Mary Schweitzer

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Managed Health Care

When the term Health Management Organization (HMO) first appeared in the public lexicon, it had a very different meaning than it does today. The original concept, managed care, is precisely what we PWC's need. Imagine what it would be like. The patient would keep in close contact with a case manager personally knowledgeable about the totality of the patient's situation, who would help the patient put together the best possible package of health care, both broadly and traditionally defined. The case manager would serve as an aide to a primary care physician charged with providing basic preventative and chronic medicine care, yet equally aware of the need to refer patients to specialists for more complex problems.

Together the case manager and primary care physician would coordinate prescriptions and treatment plans as well as constant flows up updated information among all concerned medical personnel. Preventative and chronic care would receive the same attention that acute medical problems such as appendicitis have received in the past. Under the supervision of the general practitioner, the case manager would also coordinate the patient's needs for proper nutrition, community support, financial aid, and the availability of family or individual counseling as part of a complete package of health care. Does anyone still remember when this was the meaning of the phrase managed CARE?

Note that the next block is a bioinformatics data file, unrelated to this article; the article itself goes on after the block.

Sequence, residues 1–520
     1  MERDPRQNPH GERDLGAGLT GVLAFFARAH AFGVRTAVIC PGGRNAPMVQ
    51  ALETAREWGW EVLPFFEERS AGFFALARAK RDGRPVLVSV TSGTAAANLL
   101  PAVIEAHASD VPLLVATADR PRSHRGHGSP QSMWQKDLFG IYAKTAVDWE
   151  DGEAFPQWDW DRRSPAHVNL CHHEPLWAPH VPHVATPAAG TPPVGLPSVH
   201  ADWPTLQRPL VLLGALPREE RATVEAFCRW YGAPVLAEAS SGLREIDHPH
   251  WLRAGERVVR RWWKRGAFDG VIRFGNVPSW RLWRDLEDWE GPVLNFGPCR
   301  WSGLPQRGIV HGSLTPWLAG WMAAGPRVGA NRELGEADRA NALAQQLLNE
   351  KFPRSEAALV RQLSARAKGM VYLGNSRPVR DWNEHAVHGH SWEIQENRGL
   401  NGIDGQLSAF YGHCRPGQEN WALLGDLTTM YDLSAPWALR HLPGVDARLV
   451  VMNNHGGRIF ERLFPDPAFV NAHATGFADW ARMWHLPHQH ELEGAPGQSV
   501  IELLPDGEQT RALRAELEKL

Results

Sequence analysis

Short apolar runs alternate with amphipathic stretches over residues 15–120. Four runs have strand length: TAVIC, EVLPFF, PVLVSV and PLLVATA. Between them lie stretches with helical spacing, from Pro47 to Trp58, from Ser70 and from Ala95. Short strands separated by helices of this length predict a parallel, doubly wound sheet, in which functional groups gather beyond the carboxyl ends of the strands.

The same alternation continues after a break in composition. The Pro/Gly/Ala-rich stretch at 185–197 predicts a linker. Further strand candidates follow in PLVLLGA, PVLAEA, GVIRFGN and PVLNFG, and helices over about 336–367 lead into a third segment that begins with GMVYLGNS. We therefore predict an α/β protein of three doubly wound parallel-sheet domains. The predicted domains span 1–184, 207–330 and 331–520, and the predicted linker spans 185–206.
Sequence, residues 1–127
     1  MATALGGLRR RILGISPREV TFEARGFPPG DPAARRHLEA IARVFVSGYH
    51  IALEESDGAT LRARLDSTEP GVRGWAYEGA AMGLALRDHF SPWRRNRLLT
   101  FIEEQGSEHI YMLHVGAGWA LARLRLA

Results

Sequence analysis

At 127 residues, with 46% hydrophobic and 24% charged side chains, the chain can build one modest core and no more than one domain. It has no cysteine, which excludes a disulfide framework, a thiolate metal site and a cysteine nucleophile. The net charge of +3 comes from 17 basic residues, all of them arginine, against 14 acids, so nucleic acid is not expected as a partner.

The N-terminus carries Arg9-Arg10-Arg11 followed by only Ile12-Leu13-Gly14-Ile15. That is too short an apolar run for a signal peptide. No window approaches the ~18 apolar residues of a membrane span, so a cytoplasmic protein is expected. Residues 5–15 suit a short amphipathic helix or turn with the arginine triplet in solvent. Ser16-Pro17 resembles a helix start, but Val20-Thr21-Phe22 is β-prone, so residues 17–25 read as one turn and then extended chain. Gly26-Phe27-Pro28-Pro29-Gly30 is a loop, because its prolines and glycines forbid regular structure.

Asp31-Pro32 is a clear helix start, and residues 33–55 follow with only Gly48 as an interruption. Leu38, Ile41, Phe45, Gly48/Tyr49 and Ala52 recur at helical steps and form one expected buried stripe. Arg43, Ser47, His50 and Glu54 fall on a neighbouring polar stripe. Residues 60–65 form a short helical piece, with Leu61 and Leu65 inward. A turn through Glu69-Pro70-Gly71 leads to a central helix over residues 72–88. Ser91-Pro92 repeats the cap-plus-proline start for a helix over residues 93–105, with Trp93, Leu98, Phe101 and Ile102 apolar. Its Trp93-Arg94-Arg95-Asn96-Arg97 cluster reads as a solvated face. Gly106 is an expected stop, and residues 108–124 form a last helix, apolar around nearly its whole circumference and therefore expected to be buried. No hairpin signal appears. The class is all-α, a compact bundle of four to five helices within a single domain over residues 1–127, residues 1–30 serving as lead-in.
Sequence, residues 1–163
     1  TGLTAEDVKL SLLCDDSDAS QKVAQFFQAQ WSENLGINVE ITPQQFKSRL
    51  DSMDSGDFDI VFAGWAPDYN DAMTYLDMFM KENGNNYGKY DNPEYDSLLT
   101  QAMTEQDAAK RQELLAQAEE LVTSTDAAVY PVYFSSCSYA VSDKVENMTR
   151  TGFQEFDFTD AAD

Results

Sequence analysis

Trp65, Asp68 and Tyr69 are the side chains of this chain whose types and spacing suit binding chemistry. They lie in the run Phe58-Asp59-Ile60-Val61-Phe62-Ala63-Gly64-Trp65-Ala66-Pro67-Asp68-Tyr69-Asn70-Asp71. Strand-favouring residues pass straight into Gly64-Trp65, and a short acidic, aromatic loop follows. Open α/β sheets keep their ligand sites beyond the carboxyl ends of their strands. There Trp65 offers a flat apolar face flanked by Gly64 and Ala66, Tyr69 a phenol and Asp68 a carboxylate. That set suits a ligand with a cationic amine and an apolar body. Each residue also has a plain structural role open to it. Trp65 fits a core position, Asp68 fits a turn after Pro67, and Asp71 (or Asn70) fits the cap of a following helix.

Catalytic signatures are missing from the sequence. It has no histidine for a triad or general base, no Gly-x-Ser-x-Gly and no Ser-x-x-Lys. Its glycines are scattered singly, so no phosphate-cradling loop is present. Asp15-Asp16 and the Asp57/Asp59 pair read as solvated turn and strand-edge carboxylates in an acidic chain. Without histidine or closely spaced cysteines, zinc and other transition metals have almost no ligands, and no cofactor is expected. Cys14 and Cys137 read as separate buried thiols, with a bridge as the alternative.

It did not take long for corporate America to hijack the phrase to use as a euphemism for a far more sinister concept: managed COST. Managed cost with little attention to the patient's needs; managed cost with decision-making powers taken away from doctors and handed over to non-medical, poorly educated and overloaded bureaucrats; overt and implicit costs for seeking specialist-i.e., expert-analysis of a serious medical problem. What has been the result? As little as fifty cents out of every health care dollar actually goes to medical care. The administrative side of the process does not seem to come under the penny-pinching scrutiny that characterizes the provision of medical services to the client.